Meet one of the most popular oils on the planet. Coconut oil is versatile, easily accessible and affordable, all of which has lead to an incredible rise in trendiness.
The coconut (Cocos nucifera) is a member of the palm tree family, often found in tropical climates - hence why coconuts often have travellers thinking of warm, exotic locations and the sound of the surf. The tree can grow to heights of 30 metres, and bear up to 75 fruit per year. The fruit of the coconut tree is incredibly multifaceted; everything from the husk and shell to the flesh and water has a use. These uses date back thousands of years, with coconuts being a staple in the diets and everyday life of many cultures. Indonesia is currently the largest grower/supplier of coconuts worldwide.
How Coconut Oil is Made
There are several methods of extracting coconut oil from the white flesh of the fruit. Dry processing uses the dried pulp (called copra) to create the oil, where wet processing uses the raw flesh. Cold-pressing is one of the preferred methods of oil extraction for consumers, as it provides a less-processed, pure oil.
Refined coconut oil or RBD coconut oil has been through an additional process which removes the 'coconut' flavour and leaves a clear, more affordable oil that is suitable for cooking and everyday use. For skincare and health benefits, look for virgin coconut oil as it is wet-processed and retains more of the health-boosting compounds and elements.
Why You Should Use Coconut Oil
Anyone who suffers from dry skin will have no doubt heard to cover themselves head to toe in coconut oil. Coconut oil is one of the most moisturising oils on the market. It works to restore the skins natural barrier and restore moisture to the surface while nourishing and protecting dry skin.
Coconut oil contains lauric acid, which is the topic of several on-going scientific studies. Lauric acid has antibacterial and anti-inflammatory properties, which helps to combat acne-causing bacteria and keep redness and irritation at bay. While coconut oil does contain lauric acid, it's also a barrier oil and will potentially clog pores if overused on your face. For acne-sufferers, coconut may have some benefits. Instead of slathering skin in coconut oil and clogging pores, try using a cleanser with small amounts of coconut oil, such as ManukaRx Natural Foaming Cleanser for Acne.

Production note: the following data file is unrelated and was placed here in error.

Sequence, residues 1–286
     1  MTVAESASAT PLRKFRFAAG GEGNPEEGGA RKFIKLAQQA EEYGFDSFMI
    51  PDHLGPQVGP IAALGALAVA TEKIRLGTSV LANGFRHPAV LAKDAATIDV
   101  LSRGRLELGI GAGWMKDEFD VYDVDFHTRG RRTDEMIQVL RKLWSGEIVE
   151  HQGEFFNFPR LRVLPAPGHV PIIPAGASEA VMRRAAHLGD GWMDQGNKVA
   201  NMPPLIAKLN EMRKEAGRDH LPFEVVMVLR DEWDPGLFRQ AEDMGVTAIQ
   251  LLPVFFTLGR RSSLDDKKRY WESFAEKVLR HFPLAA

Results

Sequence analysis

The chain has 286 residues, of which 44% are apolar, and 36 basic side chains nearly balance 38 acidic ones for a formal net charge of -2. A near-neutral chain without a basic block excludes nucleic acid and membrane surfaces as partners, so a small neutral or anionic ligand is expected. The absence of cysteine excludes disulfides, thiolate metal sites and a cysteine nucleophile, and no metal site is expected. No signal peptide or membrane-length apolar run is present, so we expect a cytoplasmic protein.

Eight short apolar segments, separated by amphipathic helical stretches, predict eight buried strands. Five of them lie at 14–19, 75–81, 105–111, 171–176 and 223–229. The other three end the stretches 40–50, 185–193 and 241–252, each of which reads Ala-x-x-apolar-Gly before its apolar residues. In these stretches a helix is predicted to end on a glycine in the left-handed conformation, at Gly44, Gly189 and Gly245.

Coconut oil also contains vitamin A and E, and amino acids, all of which help to restore and repair the skin.
How to Use Coconut Oil
On skin: For best results, massage coconut oil into your body straight after showering. Focus on dry areas, such as elbows, plus feet and hands to make the most of the antibacterial and antifungal properties.
On hair: Coconut oil is a friend to dry scalps, so massage in a small amount before you shampoo. To hydrate your hair, massage in a small amount of liquid oil at night, then cover. Make sure you shampoo well and don't overdo it; otherwise, it can be greasy.
On face: A little goes a long way. Don't over-do the coconut oil or you'll risk breaking out. Instead, start with small amounts. Try it as a make-up remover (just a little on a muslin cloth) or in a lip balm. ManukaRx Mānuka Lip Balm uses coconut oil to hydrate and softens chapped or dry lips while letting the manuka oil, shea butter and vitamin E work magic. Use it daily to keep your lips in perfect condition.
Coconut has not only risen in the skincare and health ranks, but it's also a popular cooking ingredient. However, due to the high levels of saturated fat found in coconut oil, consumers should limit their intake.